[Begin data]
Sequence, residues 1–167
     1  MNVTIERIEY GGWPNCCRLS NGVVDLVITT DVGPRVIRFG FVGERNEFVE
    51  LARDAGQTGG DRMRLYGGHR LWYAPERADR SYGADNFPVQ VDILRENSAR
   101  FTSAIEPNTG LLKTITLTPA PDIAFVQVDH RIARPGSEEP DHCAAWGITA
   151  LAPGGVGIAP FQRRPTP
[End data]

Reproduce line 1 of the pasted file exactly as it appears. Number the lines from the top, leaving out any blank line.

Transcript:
Sequence, residues 1–167